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People of SFU: Meet Carolyn Tinglin, graduate student

September 21, 2021
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By Alyssa Quan

This is a story in the People of SFU series, celebrating SFU’s unsung heroes—those who go above and beyond the call of duty to create community, advance SFU’s mission and make the university a great place to work and learn.  Read the original story here (September 10, 2021) and read more People of SFU stories here.

Understanding the intersections between identity and systemic inequality is complex, and Carolyn Tinglin is working to untangle them. Tinglin’s passion for justice and equity is driven by her lived experience, and her work aims to improve these systems for the next generation.

As a PhD student in the Faculty of Education, Tinglin’s research explores the social identities of Indigenous and Black youth, particularly those with learning “disability” labels. Through a social lens, Tinglin examines how these youth navigate society inside and outside of school and the impacts of these intersectional labels on their identity formation and futures. As the label of “disability” is designated rather than self-defined, Tinglin uses dis/ability to contest the often racist and ableist construct of ability and embrace everyone’s right to define themselves.

In her research, Tinglin worked with Black families to talk about the processes, and barriers, to getting the help their children need.

“To me, justice and equity in the education system is about examining what kind of environments we’ve created and what environments we’re going to create for historically excluded BIPOC youth and young people,” says Tinglin. “Rather than looking at the students who thrive, we need to look at the students who [the education system] harms.”

Tinglin began her career in healthcare and nursing, and moved into post-secondary teaching as an assistant professor of health sciences. Tinglin admits she experienced alienation and discrimination as a Black faculty member, leading her to study teaching and the education system itself, to understand the structures that become barriers to inclusion.

Her role as a parent advocate also influenced her decision to leave health education to focus on Special Education systems. As a mother, her push for equity in education is driven by a desire to see a more equitable education system for her son. “Viewing the education system through his eyes and his experiences has been a really strong motivating factor,” says Tinglin.

Tinglin currently works with SFU’s Centre for Education, Law and Society (CELS) as a research assistant, where she investigates issues of equity and justice within education, and with the Youth Alliance for Intersectional Justice, a non-profit helping to connect racialized youth with dis/abilities to meaningful and relevant education, entrepreneur and tech opportunities.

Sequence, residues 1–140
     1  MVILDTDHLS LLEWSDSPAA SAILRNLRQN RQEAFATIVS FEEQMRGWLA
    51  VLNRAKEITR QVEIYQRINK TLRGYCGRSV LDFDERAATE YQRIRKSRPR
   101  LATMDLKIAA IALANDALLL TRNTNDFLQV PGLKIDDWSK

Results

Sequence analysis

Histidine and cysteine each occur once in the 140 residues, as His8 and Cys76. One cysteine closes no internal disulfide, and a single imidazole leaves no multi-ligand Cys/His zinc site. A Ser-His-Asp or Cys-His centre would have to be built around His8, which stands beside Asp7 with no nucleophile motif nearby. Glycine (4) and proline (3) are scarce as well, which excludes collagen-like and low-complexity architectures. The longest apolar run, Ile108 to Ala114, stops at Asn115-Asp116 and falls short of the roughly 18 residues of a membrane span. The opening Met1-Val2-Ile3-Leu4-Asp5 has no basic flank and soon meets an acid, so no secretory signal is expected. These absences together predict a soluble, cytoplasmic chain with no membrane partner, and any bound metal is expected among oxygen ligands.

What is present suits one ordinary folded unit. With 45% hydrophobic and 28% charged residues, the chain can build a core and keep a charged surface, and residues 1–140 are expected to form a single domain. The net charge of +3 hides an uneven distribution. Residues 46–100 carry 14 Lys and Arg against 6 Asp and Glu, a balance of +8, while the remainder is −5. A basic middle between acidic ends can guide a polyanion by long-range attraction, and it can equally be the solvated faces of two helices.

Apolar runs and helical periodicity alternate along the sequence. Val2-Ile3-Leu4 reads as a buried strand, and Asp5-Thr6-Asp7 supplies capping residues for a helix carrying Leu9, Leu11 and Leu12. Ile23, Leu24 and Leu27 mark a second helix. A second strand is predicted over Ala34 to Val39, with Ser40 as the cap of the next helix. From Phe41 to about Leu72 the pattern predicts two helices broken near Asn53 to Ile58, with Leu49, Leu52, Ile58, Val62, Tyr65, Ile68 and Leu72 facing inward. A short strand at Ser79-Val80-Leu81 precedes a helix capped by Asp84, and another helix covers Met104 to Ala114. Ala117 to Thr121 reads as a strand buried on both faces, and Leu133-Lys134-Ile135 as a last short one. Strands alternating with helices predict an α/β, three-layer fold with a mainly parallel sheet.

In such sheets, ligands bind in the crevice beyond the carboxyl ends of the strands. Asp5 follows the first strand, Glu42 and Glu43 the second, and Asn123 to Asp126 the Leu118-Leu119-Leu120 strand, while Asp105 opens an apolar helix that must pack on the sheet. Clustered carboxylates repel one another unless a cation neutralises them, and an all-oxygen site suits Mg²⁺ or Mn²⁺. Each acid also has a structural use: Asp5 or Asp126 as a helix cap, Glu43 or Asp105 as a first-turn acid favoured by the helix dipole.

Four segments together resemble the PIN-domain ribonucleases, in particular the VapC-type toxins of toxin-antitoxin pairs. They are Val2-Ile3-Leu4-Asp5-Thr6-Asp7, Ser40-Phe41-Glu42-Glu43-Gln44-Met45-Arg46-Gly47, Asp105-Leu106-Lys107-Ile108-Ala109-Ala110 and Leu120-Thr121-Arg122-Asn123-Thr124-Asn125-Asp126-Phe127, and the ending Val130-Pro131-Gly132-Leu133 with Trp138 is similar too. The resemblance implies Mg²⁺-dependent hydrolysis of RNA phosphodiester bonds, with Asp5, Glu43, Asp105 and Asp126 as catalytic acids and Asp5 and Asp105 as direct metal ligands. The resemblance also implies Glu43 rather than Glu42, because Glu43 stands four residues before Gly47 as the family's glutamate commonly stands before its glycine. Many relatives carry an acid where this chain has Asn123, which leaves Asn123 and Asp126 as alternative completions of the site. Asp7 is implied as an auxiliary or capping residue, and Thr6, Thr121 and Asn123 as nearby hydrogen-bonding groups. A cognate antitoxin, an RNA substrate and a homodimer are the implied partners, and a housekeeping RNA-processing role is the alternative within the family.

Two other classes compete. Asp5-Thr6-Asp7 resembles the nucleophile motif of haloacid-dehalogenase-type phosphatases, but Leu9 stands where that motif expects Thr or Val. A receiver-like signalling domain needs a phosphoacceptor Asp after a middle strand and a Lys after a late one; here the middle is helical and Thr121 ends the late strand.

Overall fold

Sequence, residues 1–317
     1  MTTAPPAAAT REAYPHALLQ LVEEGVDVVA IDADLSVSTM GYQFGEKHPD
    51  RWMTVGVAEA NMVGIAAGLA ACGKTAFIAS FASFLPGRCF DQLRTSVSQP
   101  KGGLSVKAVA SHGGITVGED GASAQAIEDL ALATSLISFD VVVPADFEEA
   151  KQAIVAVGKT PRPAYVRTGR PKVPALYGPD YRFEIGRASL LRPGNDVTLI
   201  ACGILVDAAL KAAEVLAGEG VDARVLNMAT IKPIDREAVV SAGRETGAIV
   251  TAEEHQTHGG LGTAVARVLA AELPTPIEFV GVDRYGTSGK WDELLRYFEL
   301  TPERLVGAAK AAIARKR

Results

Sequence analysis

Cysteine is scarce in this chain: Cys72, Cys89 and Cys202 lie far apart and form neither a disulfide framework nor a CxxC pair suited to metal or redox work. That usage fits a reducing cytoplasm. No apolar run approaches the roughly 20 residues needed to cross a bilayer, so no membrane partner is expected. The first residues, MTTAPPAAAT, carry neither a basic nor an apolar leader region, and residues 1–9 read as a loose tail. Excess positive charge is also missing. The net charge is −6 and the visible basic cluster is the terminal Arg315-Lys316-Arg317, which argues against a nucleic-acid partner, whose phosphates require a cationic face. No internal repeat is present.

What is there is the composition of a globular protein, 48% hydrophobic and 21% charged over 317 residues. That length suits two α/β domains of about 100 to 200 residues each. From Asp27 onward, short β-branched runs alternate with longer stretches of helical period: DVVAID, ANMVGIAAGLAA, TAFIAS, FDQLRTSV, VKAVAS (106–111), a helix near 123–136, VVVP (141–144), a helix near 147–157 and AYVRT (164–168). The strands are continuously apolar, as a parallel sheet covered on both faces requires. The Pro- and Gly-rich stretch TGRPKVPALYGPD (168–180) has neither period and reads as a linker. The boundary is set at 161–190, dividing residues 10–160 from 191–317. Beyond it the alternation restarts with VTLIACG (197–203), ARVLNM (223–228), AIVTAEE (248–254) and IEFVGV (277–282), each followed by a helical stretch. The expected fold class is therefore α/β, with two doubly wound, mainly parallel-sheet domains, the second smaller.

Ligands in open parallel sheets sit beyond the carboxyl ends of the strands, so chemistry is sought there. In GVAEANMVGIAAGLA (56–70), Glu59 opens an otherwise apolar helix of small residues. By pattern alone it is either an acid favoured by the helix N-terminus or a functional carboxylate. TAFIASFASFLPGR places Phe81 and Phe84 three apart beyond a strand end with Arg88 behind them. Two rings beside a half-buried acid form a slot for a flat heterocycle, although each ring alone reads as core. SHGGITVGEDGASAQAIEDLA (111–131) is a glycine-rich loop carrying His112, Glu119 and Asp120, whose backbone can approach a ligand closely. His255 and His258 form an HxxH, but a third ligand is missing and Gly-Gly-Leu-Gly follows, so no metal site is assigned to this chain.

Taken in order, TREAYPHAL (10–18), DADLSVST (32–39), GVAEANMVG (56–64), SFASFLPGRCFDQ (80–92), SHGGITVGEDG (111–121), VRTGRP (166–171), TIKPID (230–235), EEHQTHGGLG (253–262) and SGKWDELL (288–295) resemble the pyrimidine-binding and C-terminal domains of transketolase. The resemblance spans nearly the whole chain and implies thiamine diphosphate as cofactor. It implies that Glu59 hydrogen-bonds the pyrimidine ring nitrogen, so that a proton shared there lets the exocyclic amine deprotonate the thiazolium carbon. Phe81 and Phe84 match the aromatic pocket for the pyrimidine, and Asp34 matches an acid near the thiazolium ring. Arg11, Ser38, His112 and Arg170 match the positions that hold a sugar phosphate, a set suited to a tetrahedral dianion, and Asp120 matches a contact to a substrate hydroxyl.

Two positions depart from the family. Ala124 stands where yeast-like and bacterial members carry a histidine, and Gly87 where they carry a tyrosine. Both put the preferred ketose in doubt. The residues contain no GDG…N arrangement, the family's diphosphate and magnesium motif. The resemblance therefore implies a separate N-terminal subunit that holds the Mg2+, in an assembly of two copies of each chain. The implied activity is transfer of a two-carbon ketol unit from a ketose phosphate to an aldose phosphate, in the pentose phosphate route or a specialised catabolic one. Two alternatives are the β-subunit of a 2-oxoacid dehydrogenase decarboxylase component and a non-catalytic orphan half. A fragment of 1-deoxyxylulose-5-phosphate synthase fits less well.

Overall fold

Tinglin brings this deep knowledge of equity in the education system to SFU’s EDI Advisory Council, where she is now serving her second term: “Working with the council is very interesting and gratifying,” says Tinglin. “I really value the council as a space to ask and discuss difficult questions.”

By embracing difficult conversations regarding the historic exclusion of Black, Indigenous, and other equity-deserving groups on campus, the council is able to identify goals for the university executive, such as problems in the recruitment and retention of Black scholars at the university, the need for identity-based scholarships and creating space for racialized groups on campus.

On September 11, Tinglin will speak at the upcoming workshop “EDI in Action: Best Practices and Future Directions”, organized by the Science & Policy Exchange, sponsored by SFU and NSERC Dimensions.

As a panelist, Tinglin hopes to learn more about equity barriers to equity other panelists and attendees are seeing in their institutions and continue to ask deep questions. “I want to examine how these spaces can be not just opened up, but created for and led by people who have historically been excluded.”

“When people feel like they can be themselves, bring themselves to school and education, and the value of knowledge and the production of knowledge is not centered around whiteness… that to me is taking steps towards a more justice-focused education system.”